“In Homer Glen, Steve Brown is waiting for that one special buyer to emerge from his or her bunker. Brown tried to sell his custom-built home last fall, but the only offer he was received was for $370,000, more than $70,000 less than his listing price for the well-appointed home with its own private pond. Now he’s trying again, dropping the price by $6,000, to $436,500. ‘People are starting to inquire again,’ Brown said. ‘I know I can sell it easily if I reduce the price to $400,000. My gut reaction is we’ve hit bottom, but I’m not willing to give it away.’”

The Austin Daily Herald in Minnesota. “Brian Blecker of Blecker Realty said the housing market has been stable, but sales aren’t necessarily balanced. Sales of high end homes have been slow, while homes marked at $150,000 or less have been selling more, he noted. Blecker frequently works with foreclosed homes, and he said that market has remained steady. ‘We have our fair share of the foreclosures,’ Blecker said. ‘I’m a very busy person right now,’ he added.”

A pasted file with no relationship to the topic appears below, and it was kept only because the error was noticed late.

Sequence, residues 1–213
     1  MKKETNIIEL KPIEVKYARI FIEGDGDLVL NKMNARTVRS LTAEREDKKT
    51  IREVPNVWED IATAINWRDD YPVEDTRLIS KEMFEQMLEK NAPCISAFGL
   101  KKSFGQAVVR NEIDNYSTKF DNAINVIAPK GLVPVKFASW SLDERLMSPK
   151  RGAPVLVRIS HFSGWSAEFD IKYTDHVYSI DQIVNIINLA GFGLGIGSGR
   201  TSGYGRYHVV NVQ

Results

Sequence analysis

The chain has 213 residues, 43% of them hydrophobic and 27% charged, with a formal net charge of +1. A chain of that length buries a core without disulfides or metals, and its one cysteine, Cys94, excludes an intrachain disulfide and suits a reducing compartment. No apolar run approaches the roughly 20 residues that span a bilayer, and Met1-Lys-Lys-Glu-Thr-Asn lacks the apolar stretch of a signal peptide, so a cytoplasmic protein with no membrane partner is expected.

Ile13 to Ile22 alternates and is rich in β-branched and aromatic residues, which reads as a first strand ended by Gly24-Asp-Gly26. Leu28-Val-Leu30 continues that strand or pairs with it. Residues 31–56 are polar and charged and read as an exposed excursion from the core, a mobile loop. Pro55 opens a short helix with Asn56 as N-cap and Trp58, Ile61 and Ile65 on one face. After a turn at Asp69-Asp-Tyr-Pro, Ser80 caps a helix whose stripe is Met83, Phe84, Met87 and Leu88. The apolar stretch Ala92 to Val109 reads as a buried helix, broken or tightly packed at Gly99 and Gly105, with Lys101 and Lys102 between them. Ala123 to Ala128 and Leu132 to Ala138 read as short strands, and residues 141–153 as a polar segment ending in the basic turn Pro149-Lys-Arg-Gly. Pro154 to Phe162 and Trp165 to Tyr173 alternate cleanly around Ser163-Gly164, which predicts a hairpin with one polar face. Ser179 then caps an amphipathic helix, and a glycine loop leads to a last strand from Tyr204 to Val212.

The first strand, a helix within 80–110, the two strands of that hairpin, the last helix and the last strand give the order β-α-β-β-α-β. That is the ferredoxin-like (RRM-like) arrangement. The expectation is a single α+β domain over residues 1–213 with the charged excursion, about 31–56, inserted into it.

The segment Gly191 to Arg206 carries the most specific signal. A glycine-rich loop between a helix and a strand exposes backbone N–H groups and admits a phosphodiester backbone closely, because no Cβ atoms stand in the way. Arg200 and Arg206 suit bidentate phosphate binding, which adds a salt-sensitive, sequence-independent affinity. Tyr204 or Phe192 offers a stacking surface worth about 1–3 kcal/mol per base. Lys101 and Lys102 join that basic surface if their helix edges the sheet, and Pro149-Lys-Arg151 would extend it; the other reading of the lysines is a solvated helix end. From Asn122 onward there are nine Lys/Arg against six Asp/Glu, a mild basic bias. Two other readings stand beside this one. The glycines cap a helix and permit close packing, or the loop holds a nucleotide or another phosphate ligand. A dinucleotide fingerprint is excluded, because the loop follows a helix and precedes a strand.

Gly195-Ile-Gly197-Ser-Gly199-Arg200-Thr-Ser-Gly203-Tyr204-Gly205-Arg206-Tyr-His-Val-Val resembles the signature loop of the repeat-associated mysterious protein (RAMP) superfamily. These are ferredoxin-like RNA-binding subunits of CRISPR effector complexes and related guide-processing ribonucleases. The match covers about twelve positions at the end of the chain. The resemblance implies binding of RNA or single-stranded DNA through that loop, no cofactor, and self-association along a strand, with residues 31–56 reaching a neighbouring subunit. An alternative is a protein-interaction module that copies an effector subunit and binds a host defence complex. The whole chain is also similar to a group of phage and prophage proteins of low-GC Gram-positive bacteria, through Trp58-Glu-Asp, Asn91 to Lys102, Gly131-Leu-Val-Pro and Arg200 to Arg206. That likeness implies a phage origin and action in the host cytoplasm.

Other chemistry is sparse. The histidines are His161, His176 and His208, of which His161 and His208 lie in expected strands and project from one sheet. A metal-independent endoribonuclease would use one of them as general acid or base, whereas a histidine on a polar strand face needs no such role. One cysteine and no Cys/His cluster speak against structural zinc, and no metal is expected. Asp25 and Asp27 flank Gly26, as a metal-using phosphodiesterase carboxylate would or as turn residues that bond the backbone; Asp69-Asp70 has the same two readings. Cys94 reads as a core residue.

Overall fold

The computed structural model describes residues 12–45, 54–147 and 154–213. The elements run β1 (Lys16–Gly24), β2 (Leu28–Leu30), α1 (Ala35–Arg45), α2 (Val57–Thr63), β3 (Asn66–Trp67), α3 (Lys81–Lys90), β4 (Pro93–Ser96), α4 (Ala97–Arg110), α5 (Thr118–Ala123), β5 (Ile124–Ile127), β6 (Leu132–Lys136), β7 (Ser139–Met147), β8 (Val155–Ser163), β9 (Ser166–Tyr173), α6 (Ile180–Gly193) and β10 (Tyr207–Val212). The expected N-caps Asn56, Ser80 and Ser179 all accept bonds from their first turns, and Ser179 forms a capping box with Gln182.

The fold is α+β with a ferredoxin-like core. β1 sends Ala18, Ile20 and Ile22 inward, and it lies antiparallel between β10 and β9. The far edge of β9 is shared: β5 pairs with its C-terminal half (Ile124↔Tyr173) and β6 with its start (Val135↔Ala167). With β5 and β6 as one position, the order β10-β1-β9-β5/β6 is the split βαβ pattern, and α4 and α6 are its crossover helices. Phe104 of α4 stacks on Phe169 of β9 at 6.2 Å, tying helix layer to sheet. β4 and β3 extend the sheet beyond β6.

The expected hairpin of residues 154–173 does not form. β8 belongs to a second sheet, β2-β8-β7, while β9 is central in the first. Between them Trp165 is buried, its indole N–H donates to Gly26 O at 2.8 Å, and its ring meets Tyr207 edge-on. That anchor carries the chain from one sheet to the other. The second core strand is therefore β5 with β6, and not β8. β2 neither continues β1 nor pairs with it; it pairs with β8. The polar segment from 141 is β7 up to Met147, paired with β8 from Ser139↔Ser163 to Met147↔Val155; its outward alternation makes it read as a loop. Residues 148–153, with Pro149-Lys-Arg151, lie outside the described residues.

“Numbers comparing 2010 and 2011 don’t show the whole picture, according to Blecker, because the home buyer credit drove sales last spring. Despite positive showings this year, it may be difficult to truly compare 2011 and 2010. Real estate agent Joe Fuhrman described last year’s numbers as ‘artificial’ because of the home buyers’ credit, even though it did encourage sales.”

The Star Tribune in Minnesota. “With plenty of developable land and easy highway access 30 miles west of the Twin Cities, Otsego became one of the metro’s fastest-growing suburbs in the housing boom. It also became a hotbed for the froth and fraud that helped fuel the greatest housing downturn since the Great Depression. Now, word that one of the biggest developers in the country has bought 72 lots in a financially troubled development is raising hopes for a rebound.”